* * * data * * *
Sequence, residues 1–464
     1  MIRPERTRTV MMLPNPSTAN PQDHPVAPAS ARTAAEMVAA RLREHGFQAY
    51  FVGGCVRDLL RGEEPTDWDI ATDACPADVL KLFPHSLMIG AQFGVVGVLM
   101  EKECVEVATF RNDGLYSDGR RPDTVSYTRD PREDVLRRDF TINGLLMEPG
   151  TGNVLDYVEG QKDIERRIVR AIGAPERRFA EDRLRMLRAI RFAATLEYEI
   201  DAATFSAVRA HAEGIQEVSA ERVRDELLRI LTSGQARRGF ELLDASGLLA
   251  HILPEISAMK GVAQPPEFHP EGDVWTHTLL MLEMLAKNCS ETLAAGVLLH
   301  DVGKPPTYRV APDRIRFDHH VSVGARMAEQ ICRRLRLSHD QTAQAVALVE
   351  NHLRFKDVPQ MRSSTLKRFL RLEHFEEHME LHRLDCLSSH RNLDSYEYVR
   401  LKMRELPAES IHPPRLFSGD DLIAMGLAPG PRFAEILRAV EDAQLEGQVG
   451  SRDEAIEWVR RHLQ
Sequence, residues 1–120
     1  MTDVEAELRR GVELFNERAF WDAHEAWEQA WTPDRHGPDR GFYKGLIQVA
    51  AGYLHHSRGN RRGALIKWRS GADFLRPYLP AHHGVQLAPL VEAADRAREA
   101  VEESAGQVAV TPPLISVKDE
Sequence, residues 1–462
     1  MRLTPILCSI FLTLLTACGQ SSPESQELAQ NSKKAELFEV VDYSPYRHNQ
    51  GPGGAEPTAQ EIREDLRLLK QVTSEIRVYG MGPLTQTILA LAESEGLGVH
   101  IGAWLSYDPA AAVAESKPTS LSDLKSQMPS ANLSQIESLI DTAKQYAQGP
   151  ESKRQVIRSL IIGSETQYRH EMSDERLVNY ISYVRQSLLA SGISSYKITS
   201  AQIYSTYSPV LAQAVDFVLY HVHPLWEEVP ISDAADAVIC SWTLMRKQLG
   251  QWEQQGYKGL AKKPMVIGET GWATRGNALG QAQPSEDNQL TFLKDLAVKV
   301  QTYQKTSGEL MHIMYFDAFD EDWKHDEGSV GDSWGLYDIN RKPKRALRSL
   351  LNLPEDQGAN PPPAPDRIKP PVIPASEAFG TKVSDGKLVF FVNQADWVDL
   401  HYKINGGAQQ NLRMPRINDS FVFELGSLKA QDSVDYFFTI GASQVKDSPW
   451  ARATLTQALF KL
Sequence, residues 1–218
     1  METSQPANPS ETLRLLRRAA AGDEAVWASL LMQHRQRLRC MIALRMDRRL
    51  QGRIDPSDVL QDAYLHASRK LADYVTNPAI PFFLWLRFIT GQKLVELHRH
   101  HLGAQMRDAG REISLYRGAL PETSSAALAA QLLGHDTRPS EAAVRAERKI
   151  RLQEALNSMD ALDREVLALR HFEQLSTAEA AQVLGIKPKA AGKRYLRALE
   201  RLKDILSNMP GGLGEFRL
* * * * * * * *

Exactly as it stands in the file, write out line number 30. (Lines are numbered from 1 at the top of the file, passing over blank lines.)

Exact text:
   101  HLGAQMRDAG REISLYRGAL PETSSAALAA QLLGHDTRPS EAAVRAERKI